Any number of small things can stress us out, and do—daily. But it’s in the most critical and fearful times, like in the middle of a dangerous storm, when we become reintroduced to the kind of stress we humans were built for. In the wake of Hurricane Sandy, it’s easy to feel weak and powerless–and worried. There is, quite simply, nothing more hard-wired into us than fear of something we cannot control. And this is it.
Part of what we teach at meQ is recognizing that there are always things beyond our control–and that doesn’t mean we have to lose our sanity. What a situation like Sandy does for us is encourage us to focus on what we can control–namely, our thoughts and our behavior.
“Humans need to feel in control to feel comfortable,” says meQ’s chief science officer Andrew Shatte. “Scenarios like Sandy test our beliefs that we have control. In some deep place we realize we don’t, but we try and wrest control by buying up more water, batteries, and canned beans than we could ever use in a year.”
Our need to gain control is adaptive and can be smart (it’s a good idea to have those things on hand, after all). But for those of us who have deep beliefs (Icebergs) about the need for control, says Shatte, Sandy can cause us deep stress.
For Michele, a Boston-area news producer covering the storm, balancing the stress of work and home was even more taxing than usual:
“I have no power. The wind outside is howling. Our light post just came crashing down out front, the harbor is flooding, it’s raining *inside* my house and my 4 year old and 7 month old boys finally just fell asleep….I’ve been up since 4am and we were on the air all morning, and I will be heading back in to the studio at 4am to cover the aftermath of Hurricane Sandy. Stressful? A little. But at the end of my day, I sleep better knowing my family is safe and I did my small part to inform people about what to expect and how to prepare for this storm.”
What eases the stress for her? “When you look for the positive. That’s what always makes it better. That’s my caffeine!”
Nicole, Salem, MA, and Sr. Marketing Programs Manager said distraction was key. “I was scared a tree would fall on my house. So I basically stayed away from the windows and did some work. Conference calls kept me occupied!”
Here are a few ways to cope with Sandy-fueled fears and anxieties.
Turn off the TV for a while.
If you’ve spent hours consuming minute-to-minute storm coverage, you can see that what works for media does not work for staying calm. While it plays a critical role in getting us information that can keep us safe, you can’t deny that there’s also a compelling dramatic slant as hour after hour they fuel our fears with shots of downed trees and surging seas.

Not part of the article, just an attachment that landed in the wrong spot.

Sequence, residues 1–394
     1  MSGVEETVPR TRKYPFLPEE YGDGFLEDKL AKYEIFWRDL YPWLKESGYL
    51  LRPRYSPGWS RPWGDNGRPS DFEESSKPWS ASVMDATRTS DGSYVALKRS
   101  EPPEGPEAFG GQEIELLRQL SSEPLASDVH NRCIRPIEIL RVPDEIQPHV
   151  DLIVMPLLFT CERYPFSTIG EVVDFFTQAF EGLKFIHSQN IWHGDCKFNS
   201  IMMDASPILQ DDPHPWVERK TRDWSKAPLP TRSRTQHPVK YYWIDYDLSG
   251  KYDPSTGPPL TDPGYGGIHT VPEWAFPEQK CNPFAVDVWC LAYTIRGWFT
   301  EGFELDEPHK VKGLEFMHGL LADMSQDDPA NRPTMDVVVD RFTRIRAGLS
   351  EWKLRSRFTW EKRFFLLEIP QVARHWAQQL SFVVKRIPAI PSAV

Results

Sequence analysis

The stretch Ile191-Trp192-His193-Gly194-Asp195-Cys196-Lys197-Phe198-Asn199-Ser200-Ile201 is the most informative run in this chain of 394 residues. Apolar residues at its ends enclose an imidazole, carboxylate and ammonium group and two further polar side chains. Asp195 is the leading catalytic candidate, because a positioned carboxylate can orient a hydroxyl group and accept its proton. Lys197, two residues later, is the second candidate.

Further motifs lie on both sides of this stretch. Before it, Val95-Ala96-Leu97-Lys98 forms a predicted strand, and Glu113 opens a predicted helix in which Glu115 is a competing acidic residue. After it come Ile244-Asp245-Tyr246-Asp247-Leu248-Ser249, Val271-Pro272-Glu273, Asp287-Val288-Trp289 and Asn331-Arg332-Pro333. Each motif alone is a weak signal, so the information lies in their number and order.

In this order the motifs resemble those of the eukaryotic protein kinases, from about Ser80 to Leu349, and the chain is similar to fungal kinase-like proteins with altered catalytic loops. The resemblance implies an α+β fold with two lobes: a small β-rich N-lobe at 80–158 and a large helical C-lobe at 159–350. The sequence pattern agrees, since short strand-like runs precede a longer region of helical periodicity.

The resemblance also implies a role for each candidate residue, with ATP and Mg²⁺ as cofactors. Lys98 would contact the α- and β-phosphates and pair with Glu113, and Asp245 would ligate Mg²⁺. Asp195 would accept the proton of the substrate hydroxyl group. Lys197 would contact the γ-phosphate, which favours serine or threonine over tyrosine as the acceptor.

Tracy, a teacher in Framingham, MA, keeps her kids away from the news. “If they ask, I remind them that we are all together and that’s what matters. We will keep each other safe and let the people in charge of storms do their jobs,” she says. “We focus on what’s happening right here in our home. That’s the extent of their world right now. Not their job to worry about what is happening outside these walls today.”
Susan Piver, Buddhist meditation instructor and author of The Wisdom of a Broken Heart, tells readers of her blog that this is the time to open our hearts, not close them up out of fear, to wish for others what we wish for ourselves during times like these–safety and peace.
Take a few minutes to do her guided meditation, designed specifically for people struggling with storm-addled stress.
Take advantage of the downtime.
For Tracy, keeping herself and her family calm means taking a “business as usual” approach. Before Sandy struck, she charged up all her digital devices, and stocked up on craft activities and found books and board games to keep her son and daughter occupied. “I also made sure to turn up the cold setting on the fridge, and cooked a big pot of food that would be okay cold for dinner, and made sure there was plenty of snacks (even popped some popcorn ahead of time).”
Jennifer, a radio producer in Queens, NY, used the hours of downtime to finally organize her closet. And Sean, powerless in Hoboken, strapped on his headlamp and decided to catch up on some reading.
Shatte urges us to use this opportunity to practice calm in the midst of chaos. “Take a deep breath, make reasonable and sensible preparations, keep your kids by your side, call a friend, and make the most of the fact that you’re housebound – do that happy chore (like uploading your video camera family movies) that you’ve been meaning to for ages and never had the chance.”
Terri Trespicio is a writer, speaker, and coach. Visit her at Trespicio.com.